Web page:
Monday, February 8, 2016

The Challenge of B2B Customer Centricity

There has been a lot of focus recently on customer value.  Term like customer experience, relationship management, and customer-centricity have become common in the business press.  But almost all of the focus has been on the B2C business environment.  Now we have some data that is based upon the B2B environment – and it isn’t pretty. 

Gallup has just published an extensive report titled, “Guide to Customer Centricity: Analytics and Advice for B2B Leaders.”  According to Gallup, 71% of B2B customers would change to a different seller in a heartbeat.  The customer does not feel valued.  So if a better deal comes along, they will jump at it.  For most products and services there is little differentiation between the major competitors in the B2B industry segments.  As Gallup says, “There is often little in the company’s product or service itself that helps it support long-term business growth.”

New products or product offerings are not sustainable because competition will soon match with similar features and functions.  Pricing is not sustainable because someone can always go lower to “buy share.”  Service delivery is not sustainable because that again is something that is easily matched by the competition.  So what is left?

Sustainable long-term growth comes from building and growing customer relationships.  But most B2B companies have not invested in the relationship.   As Gallup noted, “They invest in Lean, Six Sigma and other methodologies that are crucial for keeping costs down, but they don’t have a plan for maximizing their customer relationships.”  Forming lasting relationships takes time and effort.  And that time and effort is not episodic; it is continual.  (Just thing about the time and effort needed to form and maintain a good marriage relationship.)  It is not a quick hit business initiative or a new app for your phone. 

That is the difficulty.  To truly create a customer-centric organization and build lasting customer relationships, a transformation is required within a company.  It is as much about culture as it is about relationship management data and account teams.  Speaking of account teams, the great relationship that is built between the customer and the salesperson will quickly be destroyed if the delivery is consistently late, or fi the invoice is full of errors.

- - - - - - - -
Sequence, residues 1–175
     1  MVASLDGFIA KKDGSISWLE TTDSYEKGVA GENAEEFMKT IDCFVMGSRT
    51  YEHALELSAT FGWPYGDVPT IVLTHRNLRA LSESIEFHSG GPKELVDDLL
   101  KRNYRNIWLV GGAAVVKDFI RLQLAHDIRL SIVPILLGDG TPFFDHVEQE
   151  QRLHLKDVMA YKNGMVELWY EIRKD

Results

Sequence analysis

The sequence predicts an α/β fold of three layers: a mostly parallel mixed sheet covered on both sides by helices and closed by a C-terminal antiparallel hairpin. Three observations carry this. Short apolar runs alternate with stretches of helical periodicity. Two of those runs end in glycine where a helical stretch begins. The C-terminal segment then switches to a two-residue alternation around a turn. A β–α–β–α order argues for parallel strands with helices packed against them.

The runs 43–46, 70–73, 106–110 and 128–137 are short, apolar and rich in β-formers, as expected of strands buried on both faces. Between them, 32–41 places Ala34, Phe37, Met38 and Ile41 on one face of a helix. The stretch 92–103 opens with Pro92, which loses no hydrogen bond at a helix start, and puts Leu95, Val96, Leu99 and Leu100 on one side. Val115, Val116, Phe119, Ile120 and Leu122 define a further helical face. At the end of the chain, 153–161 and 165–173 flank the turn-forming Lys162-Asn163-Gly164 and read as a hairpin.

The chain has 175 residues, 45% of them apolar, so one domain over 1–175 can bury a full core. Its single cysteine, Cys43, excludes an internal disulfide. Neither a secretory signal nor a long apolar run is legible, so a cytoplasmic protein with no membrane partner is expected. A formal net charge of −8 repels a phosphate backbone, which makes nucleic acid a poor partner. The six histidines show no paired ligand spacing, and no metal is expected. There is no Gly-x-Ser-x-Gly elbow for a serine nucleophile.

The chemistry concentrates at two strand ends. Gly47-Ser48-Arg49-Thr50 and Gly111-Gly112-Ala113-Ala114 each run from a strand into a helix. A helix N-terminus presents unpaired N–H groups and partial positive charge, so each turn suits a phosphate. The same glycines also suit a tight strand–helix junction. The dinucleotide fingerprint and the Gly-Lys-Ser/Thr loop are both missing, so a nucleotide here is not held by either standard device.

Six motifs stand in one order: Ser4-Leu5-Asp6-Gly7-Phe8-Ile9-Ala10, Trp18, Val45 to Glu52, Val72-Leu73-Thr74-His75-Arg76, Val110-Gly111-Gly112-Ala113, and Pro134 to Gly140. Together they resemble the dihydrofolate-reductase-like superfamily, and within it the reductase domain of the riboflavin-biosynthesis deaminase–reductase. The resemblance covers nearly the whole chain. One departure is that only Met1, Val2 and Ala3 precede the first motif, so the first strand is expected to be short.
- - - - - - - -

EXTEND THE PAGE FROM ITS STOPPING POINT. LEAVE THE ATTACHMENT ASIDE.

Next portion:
Let’s look a little closer at the relationship.  One of the Gallup findings is that strong customer relationships are built upon collaboration.  But many companies with B2B offerings are reluctant to collaborate.  Their fear is that if they share too much of their knowledge and insights with their customers, the customers will no longer need them.   The customer will be able to create and operate the products and services that the seller is trying to sell.  But the only reason that the customer would even consider such a thing is if they have become frustrated with the quality, price and service that they are receiving.  When the seller focuses on creating customer success and customer value, the customer is actually likely to send even more business their way.

The Gallup report also talks about the need for positive proactive customer engagement and that a roadmap and an action plan are needed to make that engagement happen.  It isn’t just osmosis that creates engagement.  Management must purpose, plan and execute if they want to develop strong customer relationships at all points of customer-seller interaction.  The report continues on to highlight the importance of a seller’s supplier network and the use of data analytics.  All of these become tools to be used by an empowered cross-functional customer account team.

The report is a long one, 88 pages.  And there are no easy answers.  If you are looking for “seven steps to attain customer centricity” you are out of luck.  As Gallup notes, this is hard work and often requires an organizational transformation.  However, if you don’t make the changes, but your competitors do, you won’t be in the game.  Remember, 71% of your customers are ready to switch as soon as a seller shows them that they really care about customer value and customer success.

1 comment:

  1. Solartis Risk and Policy Manager is a new and different cloud-based software used to track, manage and report on all insurance policies, risks, coverages, premiums, claims and processing activities as well as its insurance program participant’s
    Risk Management Services